APS/Alan Stonebraker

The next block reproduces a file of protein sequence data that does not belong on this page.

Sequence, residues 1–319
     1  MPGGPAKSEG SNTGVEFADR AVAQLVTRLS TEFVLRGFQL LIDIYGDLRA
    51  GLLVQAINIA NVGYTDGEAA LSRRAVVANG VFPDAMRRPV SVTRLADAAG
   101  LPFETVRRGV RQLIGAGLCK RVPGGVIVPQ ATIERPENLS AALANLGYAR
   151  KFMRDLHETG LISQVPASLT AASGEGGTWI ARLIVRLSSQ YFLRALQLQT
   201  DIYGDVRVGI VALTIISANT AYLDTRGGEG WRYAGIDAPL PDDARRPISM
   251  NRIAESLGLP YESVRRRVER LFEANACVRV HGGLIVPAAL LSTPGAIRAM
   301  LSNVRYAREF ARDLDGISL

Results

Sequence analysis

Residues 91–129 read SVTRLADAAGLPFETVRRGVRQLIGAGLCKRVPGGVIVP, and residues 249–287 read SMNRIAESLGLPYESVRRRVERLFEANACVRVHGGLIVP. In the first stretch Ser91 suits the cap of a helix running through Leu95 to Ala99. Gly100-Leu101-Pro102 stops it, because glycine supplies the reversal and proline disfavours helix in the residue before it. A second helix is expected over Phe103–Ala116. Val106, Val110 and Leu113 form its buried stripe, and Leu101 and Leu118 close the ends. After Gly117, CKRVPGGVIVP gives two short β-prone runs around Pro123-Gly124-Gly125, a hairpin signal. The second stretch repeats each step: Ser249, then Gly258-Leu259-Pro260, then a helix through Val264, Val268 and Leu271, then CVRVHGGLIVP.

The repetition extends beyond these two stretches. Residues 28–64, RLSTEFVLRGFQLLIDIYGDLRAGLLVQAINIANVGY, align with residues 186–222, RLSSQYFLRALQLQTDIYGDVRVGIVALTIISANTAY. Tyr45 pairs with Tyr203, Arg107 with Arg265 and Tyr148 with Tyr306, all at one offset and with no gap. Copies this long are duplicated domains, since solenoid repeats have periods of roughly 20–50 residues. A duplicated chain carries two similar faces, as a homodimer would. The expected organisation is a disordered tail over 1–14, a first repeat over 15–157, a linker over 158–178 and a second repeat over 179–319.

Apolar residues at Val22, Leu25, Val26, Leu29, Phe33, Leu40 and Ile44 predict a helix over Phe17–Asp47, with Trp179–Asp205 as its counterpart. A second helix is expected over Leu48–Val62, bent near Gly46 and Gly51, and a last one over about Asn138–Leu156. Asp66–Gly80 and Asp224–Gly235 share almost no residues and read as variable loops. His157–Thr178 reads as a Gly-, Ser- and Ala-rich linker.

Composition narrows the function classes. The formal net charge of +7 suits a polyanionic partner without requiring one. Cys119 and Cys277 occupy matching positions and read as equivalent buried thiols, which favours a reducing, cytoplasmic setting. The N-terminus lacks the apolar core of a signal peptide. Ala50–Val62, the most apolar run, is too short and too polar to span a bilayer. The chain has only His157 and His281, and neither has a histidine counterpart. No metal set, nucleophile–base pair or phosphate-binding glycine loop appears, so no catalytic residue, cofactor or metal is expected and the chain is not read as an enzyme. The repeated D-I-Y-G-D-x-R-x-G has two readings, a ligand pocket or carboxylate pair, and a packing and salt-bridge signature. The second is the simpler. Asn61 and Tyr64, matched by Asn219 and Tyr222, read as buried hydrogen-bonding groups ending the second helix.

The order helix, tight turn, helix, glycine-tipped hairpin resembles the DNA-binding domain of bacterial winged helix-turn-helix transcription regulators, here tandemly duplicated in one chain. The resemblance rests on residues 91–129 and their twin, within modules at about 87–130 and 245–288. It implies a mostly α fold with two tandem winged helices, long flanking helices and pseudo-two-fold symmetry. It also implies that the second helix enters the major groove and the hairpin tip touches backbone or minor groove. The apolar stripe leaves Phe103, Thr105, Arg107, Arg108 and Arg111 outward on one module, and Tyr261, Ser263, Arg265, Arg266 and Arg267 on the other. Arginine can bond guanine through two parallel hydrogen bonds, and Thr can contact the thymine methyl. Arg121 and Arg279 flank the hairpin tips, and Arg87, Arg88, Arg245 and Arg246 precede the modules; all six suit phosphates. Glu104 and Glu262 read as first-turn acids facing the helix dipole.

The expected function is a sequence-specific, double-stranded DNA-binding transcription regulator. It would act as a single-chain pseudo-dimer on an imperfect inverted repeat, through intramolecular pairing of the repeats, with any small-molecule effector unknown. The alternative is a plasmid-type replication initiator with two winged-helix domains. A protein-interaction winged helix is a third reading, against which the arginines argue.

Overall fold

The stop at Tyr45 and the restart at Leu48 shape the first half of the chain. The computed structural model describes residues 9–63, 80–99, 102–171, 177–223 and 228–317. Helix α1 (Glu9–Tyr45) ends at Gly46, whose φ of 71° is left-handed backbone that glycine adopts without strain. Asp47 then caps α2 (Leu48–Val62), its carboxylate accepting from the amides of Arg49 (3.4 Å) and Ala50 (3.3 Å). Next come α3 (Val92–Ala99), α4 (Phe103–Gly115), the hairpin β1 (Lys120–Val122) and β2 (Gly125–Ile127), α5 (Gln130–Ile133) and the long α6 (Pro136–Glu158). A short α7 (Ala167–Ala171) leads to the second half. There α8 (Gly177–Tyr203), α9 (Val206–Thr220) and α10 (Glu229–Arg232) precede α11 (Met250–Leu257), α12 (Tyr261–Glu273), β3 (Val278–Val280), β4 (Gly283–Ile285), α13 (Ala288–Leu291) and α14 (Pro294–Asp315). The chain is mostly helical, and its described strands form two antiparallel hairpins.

Figure 1: (a) Waves propagating between two infinitely conducting metal slabs form a waveguide, or transmission line. Analogous transmission lines include coaxial cables and paired wires. (b) The two lowest order TM modes of this waveguide. The higher order mode (blue) has a dispersion that is functionally identical to that of waves propagating in a plasma. Near the cutoff frequency this mode behaves like an “epsilon-near-zero” (ENZ) material. The bounce angle approaches $90$ degrees, the wavelength approaches infinity, and the electric field is longitudinal. The lowest order mode, on the other hand, has linear dispersion (red). The equivalent bounce angle is $0$ degrees and the fields are purely transverse. This is the mode that propagates signals in conventional low-frequency wiring. (c) Even though the fields, energy, and power are entirely contained in the region between the metals, conduction currents are entirely contained within the metals. Currents travel along one “wire” and return to ground along the other. (d) Equivalent displacement current wires can be made by etching a groove into an ENZ material.